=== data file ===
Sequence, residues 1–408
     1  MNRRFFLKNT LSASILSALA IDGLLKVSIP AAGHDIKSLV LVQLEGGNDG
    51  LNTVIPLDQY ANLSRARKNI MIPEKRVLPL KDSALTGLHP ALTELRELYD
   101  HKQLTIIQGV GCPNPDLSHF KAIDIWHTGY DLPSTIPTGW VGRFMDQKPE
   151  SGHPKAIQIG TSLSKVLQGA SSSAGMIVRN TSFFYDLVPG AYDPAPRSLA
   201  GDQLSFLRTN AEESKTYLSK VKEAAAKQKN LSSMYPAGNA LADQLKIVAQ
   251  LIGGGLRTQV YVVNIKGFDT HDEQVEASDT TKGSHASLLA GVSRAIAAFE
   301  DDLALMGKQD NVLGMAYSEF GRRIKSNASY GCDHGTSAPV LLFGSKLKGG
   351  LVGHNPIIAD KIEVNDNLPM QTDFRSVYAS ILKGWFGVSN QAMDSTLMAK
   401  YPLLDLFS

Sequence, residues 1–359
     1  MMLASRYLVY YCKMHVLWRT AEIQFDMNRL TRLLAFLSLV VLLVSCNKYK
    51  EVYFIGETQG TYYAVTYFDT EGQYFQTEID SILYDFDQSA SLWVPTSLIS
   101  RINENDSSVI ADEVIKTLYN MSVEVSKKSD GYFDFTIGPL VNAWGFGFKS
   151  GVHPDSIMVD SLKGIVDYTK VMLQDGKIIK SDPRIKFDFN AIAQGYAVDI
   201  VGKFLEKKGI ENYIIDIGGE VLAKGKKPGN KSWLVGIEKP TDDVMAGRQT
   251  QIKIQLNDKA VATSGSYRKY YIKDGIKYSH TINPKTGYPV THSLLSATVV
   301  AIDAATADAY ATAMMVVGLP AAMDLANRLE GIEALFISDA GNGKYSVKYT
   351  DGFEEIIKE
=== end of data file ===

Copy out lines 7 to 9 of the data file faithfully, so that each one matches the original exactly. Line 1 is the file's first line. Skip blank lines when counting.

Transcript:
   251  LIGGGLRTQV YVVNIKGFDT HDEQVEASDT TKGSHASLLA GVSRAIAAFE
   301  DDLALMGKQD NVLGMAYSEF GRRIKSNASY GCDHGTSAPV LLFGSKLKGG
   351  LVGHNPIIAD KIEVNDNLPM QTDFRSVYAS ILKGWFGVSN QAMDSTLMAK